Yes, the restaurant got wind of this Chowhound review and asked me if they could use my Chowhound photos for their site, and I said yes (free of charge, no strings attached). I'm pleased to have moved out of my "crappy" phase in my photography, it seems.

                    To answer your food questions: As I recall, Morinoya has about 20+ seats (at tables) and about 6-8 additional seats at the bar. There is no particular advantage in sitting at the bar (unless you're a solo diner/drinker), as the chef himself usually cooks in the kitchen at the rear of the restaurant.

                    The food there easily stands on its own, with or without booze. Although I have to say those chicken wings certainly go well with cold draft beer!

                    Mori-san's sushi is nothing to scoff at. His selection of fish is more limited than your local sushi-ya, but what he does serve is focused and top-notch. Also, his Osaka-style battera is the best in town. Your wife will probably not be disappointed with the sushi at Morinoya.

                    I'm also a big fan of Nanbankan (I just went a few nights ago myself), and like you say, it's apples & oranges. Both excel at what they do. We're lucky to have all these great Japanese styles so close at hand: Tsujita LA for tsukemen, Nanbankan for yakitori, Morinoya for izakaya, and Wakasan for washoku.

                    1. re: J.L.

                      Wow, I just read some reviews of Wakasan and it looks amazing, and affordable too. That might be the next place we have to try. Do you know what their omakase tiers are currently? The reviews I've read all mention it starting at $35 but are all from several years ago.

                      EDIT: I found their Facebook page: Looks like they start at $45 now, which is still a great deal, and they started offering $10 off their omakase on Mondays just this week! Cool.

                      1. re: PeterCC

                        Let me know if you go to Wakasan. I've actually never been and am curious too. But I did try Mincha a la Japanaise, which was located in the Wakasan spot back in the day.

                        1. re: kevin

                          I will, I didn't even know it was there even though I've eaten at Sushi Masu nearby.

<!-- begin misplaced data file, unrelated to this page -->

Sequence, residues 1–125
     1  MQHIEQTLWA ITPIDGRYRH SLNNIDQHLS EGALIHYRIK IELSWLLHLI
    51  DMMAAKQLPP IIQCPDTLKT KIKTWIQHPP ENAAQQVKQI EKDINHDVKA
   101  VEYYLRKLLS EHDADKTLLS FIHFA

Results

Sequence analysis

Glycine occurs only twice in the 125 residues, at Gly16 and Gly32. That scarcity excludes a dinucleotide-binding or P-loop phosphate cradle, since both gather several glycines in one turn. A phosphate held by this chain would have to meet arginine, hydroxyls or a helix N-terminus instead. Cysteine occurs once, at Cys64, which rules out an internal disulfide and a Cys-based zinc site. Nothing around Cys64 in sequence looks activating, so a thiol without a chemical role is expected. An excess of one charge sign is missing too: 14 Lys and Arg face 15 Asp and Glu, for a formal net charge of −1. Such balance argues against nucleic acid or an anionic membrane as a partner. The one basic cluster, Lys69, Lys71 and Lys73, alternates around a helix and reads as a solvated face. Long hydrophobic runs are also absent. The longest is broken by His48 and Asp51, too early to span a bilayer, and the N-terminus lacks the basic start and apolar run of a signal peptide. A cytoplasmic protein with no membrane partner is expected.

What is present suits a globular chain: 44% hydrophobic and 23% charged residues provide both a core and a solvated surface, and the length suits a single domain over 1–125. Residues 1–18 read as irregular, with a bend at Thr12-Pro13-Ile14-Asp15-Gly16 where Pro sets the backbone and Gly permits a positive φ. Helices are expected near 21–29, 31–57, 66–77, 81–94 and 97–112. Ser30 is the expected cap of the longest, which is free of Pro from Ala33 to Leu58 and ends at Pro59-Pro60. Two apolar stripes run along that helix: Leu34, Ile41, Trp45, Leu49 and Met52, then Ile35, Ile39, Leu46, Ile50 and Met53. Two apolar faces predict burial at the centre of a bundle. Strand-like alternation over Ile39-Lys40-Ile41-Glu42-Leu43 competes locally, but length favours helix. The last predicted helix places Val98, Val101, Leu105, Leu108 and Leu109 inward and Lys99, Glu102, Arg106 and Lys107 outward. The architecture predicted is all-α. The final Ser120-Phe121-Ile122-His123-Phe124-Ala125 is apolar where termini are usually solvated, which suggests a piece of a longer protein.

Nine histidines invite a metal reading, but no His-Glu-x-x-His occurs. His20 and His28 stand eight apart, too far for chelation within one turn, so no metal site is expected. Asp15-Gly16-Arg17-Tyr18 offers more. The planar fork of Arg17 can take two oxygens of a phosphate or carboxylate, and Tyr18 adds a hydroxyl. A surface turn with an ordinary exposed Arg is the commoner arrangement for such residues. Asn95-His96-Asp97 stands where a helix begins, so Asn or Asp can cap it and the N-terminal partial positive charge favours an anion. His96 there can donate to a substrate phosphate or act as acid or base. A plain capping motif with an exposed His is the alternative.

2. re: PeterCC

                          Yeah, Wakasan is a jewel. Let them feed you.

                          1. re: J.L.

                            Don't mean to take your thread on a tangent of other restauarants, but have you been to The Backhouse near Gyu-Kaku by the Westside Pavilion? Can't find anything on it on CH. Just realized my wife tried it a months ago with some friends and the first thing she said to me when she got home is "I just went to a place that you would love." Heh.

                            1. re: PeterCC

                              I noticed that new joint on my way to Starbucks. But I have no clue as to whether it is any good.

                              1. re: PeterCC

                                Backhouse: I thought it was meh.
                                Gyu-Kaku: Meh also. Seems popular with the college budget crowd.

                                In that particular neighborhood, Totoraku, Marty's, Steingarten LA, John O'Groats, Westside Tavern, Torafuku, & Island's are my "go-to" eateries.

                                1. re: J.L.

                                  Oh, I know Gyu-Kaku is not the greatest, I was just using it as a landmark. I hear Tokyo Kalbi semi-nearby is pretty good.

                                  That's quite a range from Totoraku to Islands. :-) Of course I've been to the latter. Don't know how to score an invite to the former. And my budget is somewhat closer to the college crowd, so might rather go to Morinoya AND Wakasan AND maybe someplace else for the price at Totoraku. :-)

                                  1. re: PeterCC

                                    I think he mentioned Torafuku which is directly adjacent to the westside pavillion. But I have been to Tokyo Kalbi on Gateway (if we are also talking about the same place and it was quite good, I enjoyed it much more than my one visit to Manpuku).

                                    1. re: kevin

                                      Well, he mentions both Totoraku (first on his list), and Torafuku (right before Islands), so that is quite a range.

                                      (I might be misunderstanding you. I thought you were thinking I had confused Totoraku and Torafuku, but you might have just been referencing Torafuku in relation to restaurants right near Westside Pavilion like the aforementioned Gyu-Kaku and The Backhouse.)

                                      1. re: PeterCC

                                        sorry my bad. i can't believe i missed that.

                                        my apologies.